Family Carers Ireland runs carer groups all over the country. These groups meet regularly, usually once a month. The carers that attend set the agenda. Carers often use the time to share coping strategies and local information in addition to offering emotional support. Guest speakers such as Public Health Nurses, HSE representatives and Social Welfare experts are invited to meetings to address carers on issues of interest to them. Groups provide a valuable opportunity to meet others with similar caring experiences. Indeed this is how many enduring friendships began.
Groups are also integral to the operation of Family Carers Ireland. We operate on the basis of group membership because we believe that local networks best promote inclusion and support at local, regional and national levels. Groups play a vital role in promoting recognition of the identity, contribution and needs of family carers, in articulating existing and emerging need and in representing family carers’ issues both to policymakers and to the general community. The organisation recognises three categories of group as eligible for membership in this capacity: local groups, regional forums and virtual groups.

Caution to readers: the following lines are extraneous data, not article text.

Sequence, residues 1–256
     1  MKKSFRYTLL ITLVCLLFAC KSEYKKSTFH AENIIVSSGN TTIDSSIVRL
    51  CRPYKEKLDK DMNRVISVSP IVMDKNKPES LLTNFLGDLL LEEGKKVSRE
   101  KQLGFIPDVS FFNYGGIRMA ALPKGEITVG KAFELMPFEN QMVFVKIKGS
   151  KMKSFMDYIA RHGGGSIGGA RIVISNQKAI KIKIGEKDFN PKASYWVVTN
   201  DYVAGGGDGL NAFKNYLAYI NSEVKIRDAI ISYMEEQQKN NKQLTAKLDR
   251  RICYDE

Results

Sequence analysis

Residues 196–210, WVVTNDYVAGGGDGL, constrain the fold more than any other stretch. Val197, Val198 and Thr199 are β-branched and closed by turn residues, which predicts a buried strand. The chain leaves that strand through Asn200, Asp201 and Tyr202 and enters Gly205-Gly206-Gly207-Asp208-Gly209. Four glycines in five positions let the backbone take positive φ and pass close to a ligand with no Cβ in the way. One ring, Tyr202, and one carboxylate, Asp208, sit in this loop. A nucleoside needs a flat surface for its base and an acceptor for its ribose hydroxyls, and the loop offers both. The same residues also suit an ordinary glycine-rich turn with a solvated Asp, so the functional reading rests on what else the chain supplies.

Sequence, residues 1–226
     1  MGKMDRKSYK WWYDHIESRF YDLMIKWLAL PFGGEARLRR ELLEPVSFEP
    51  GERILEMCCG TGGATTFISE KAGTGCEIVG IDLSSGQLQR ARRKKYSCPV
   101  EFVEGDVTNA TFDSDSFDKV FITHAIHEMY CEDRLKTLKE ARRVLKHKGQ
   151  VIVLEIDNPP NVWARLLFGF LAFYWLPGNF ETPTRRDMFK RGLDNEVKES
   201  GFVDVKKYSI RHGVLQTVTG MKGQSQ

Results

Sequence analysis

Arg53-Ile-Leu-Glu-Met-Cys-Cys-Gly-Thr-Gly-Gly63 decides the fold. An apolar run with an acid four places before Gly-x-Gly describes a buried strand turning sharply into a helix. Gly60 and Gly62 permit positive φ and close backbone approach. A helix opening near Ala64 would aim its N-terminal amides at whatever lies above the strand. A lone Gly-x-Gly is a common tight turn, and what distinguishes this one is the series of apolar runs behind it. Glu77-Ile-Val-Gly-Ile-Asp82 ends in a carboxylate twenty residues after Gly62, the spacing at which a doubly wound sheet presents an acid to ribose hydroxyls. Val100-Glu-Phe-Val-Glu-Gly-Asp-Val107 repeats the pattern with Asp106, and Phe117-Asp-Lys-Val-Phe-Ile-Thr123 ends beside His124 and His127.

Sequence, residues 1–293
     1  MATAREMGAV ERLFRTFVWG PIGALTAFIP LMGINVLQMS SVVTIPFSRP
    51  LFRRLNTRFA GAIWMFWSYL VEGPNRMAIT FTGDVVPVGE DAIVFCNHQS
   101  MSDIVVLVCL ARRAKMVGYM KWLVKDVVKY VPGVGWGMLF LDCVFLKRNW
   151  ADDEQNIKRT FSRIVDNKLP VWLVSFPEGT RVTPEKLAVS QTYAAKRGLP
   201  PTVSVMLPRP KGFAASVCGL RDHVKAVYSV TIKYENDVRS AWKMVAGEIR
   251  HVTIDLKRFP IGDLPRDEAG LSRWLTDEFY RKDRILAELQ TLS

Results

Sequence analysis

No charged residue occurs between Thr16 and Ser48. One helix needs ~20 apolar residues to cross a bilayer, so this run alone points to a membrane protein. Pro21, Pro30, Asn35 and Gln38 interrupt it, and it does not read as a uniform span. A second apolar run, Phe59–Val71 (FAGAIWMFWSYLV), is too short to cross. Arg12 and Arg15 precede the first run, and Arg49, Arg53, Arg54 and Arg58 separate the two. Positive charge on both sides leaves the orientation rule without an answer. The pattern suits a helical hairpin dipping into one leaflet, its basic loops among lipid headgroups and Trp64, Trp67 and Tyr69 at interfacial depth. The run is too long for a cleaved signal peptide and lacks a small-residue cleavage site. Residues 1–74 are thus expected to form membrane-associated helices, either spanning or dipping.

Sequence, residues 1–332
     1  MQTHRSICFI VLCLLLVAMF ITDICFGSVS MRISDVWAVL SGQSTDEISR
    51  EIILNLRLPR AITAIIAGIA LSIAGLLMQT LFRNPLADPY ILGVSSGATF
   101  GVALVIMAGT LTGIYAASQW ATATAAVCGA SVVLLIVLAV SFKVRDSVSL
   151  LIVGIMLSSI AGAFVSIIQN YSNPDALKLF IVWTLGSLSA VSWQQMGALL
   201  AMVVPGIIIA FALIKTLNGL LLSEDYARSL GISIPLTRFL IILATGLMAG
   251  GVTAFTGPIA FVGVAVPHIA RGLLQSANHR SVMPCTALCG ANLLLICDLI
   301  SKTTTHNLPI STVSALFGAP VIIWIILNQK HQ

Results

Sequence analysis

Five or more members coming together with the same goals and meeting on a regular basis may form a group affiliated with Family Carers Ireland. Members of FCI groups will be united by a common bond, which could simply be a shared geographical area, or caring for family members with a condition in common, e.g. parents of children with Autism / ADHD.
There are three different fee options in relation to membership:
To become a member of Family Carers Ireland, visit our membership page.
Some groups may opt to become Associate Members of Family Carers Ireland, for €250 per group per annum.
Your membership fee helps to fund a range of services to carers and their families.
Carer groups allow carers to:
- share their experiences, feelings, ideas, concerns, information and problems
- access information on their rights and entitlements
- act together to highlight carers issues with decision makers
- have a sense of connection with other family carers in similar circumstances
- have a break from the caring situation
- relax, socialise and learn from other carers
- cope from day to day
Contact your nearest resource centre to find a group in your area.